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After my initial psychotic episode at age 21, I was put on antipsychotics as a preventive measure. They prevented another psychotic episode while I was on them, but after my acute health crisis, I still just wasn’t completely myself. Because of the health crisis, I had to withdraw from college, recover, and then return after all my friends had already graduated. That was my first setback that separated me from my peers. Even once I got my degree, I was still underemployed and had difficulty entering a romantic relationship. As my 20s went by, I saw almost all my friends and cousins get married, start families, and build careers. However, I kept going back to the drawing board as nothing and no one seemed to pan out for me. I compared myself with others and struggled with jealousy and self-blame.

And worse, I knew something was wrong with me; I just couldn’t put my finger on what exactly it was, nor could my loved ones. It was when I turned 30 that the worst happened: I had three major psychotic episodes in two years. I went from thinking my life was going nowhere in my 20s to thinking my life was over in my 30s. In my recovery and through my diagnosis with schizophrenia, I had to change my mindset on how I assess the value of my life and what success looks like for me. The only way to truly measure success in my life was through not comparing my life to others and not feeling entitled to a “normal” life to be happy.

My Life Is Not Linear, and That Is OK

Growing up, I thought every life followed the same formula for success, and I expected this same formula to happen for me. This formula involved going to college, starting a career, marrying someone a few years later, and then a few years later starting a family—all by a certain age. I had an oversimplified view of what a normal life looks like that was not that realistic. It is this formula that has a linear quality to it, and no part of this formula involves my life being on hold for 14 years with what was to me, at the time, an embarrassing, stigmatized mental health condition.

I was admitted for hospitalization for my last psychosis on my 33rd birthday. When I came home to my parent’s house a couple of weeks later to live while jobless and penniless, I realized that this glossy, picture-perfect life with this seamless linear quality to it would not happen for me. I felt entitled to a “normal” life, but that was not the hand of cards I was dealt. I had to accept that my life was different. I would eventually learn that my life would come together, just in less of a conventional way, and that is OK.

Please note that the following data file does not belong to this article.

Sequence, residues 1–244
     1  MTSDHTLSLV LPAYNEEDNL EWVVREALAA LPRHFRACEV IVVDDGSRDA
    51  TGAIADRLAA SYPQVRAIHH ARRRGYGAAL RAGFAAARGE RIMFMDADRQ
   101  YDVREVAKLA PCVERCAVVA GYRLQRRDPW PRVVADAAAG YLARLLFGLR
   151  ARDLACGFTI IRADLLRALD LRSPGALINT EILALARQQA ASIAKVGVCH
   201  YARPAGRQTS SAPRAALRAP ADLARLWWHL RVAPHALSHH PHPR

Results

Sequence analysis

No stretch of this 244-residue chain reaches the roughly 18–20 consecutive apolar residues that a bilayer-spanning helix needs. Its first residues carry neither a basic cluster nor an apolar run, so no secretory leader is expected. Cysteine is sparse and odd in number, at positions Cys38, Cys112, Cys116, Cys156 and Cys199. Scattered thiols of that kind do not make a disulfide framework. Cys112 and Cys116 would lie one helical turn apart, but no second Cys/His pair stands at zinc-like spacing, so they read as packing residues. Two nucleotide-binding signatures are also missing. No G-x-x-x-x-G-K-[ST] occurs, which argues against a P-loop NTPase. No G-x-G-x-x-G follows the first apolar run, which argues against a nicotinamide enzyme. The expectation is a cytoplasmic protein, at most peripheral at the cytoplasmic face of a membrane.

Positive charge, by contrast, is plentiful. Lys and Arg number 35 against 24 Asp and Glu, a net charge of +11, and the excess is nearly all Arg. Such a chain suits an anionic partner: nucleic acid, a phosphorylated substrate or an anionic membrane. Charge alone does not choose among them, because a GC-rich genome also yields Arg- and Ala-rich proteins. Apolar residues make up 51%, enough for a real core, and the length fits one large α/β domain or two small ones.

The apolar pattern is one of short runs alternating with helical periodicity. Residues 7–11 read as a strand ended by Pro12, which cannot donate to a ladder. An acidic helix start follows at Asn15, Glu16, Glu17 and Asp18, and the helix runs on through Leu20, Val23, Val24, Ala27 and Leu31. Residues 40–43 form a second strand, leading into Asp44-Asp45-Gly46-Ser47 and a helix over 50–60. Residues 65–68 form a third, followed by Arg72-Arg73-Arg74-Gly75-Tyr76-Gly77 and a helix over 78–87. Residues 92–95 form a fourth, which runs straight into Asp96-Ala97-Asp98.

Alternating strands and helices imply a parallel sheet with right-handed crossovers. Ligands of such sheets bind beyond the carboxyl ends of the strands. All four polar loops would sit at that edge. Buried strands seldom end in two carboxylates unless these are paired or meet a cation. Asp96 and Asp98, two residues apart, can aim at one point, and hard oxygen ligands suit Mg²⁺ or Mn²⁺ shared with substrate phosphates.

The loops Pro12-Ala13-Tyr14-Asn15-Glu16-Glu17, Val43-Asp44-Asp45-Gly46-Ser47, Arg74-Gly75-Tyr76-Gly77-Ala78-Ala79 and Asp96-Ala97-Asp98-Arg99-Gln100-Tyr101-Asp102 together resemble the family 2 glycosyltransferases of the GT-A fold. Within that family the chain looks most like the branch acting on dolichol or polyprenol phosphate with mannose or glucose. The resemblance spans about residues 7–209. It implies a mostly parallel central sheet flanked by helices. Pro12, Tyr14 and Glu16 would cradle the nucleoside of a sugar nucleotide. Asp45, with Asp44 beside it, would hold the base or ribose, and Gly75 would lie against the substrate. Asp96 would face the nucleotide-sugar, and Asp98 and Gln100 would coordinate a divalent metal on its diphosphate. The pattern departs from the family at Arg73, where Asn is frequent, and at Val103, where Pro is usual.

I Am Strong Enough Now to Be There for Others

A profound transition for me as I was recovering and responding well to medication was when I was doing so well that my friends could tell me about their lives and share things they were going through. I was becoming a stable enough person who could be there for others, and I found it so fulfilling. It feels like such an honor and privilege to me when I can be there for someone else, and it gave me a direction and inspiration for what success for me looks like. Success and meaning for me come from being a positive influence on anyone around me.

I was negative for a while and compared myself with others for so long, but it was pivotal when I was well enough to give back more into friendships and realize that I was not the only one suffering. Others hurt, too, and have to deal with things I will never have to go through. Realizing all of this put my mental health battle in context with people around me, and it helped me feel “normalized.” Life can be so difficult in so many ways, and I am not being singled out. I cannot accurately compare my life to other lives, because every life is different with its own challenges. I have to be thankful for what I do have.

I Am Creating My Own Success Story

This idea that your 20s are supposed to be the best time of your life and mine were a disaster had given me this idea that all was lost for me. But I just had to hang in there and wait for a better day. The truth is, I am happier, more fulfilled, and more at peace in my 40s than even before my mental illness started. I am living my best life now, and I am thankful for it. I got married at age 38, and I had my son at age 40.

Part of forging my own path is redefining what success looks like. For me, it can’t be simply keeping up with others and competing. Success for me is living a new life symptom-free of mental illness. Success for me is being a positive influence on those around me because for so long I felt like a burden and liability. Success to me is feeling good about myself, content with my life, and no longer ashamed of what I went through. Success to me is doing the best job I can as a wife, mother, and small-business owner while maintaining personal balance, boundaries, and wellness. Success to me is not dwelling on regret over my 20s and early 30s. I’m trying to embrace everything as part of the journey that led me to where I am now.

My life is not necessarily a typical one, but it doesn’t mean that I can’t take the life I’ve been given and run with it, making meaning out of the hardest times and enjoying every minute of it.

Original article featured in Psychology Today | January 4, 2024. Image Credit: ‘Focusing on the future and not looking back’ by Cottonbro Studio/Pexels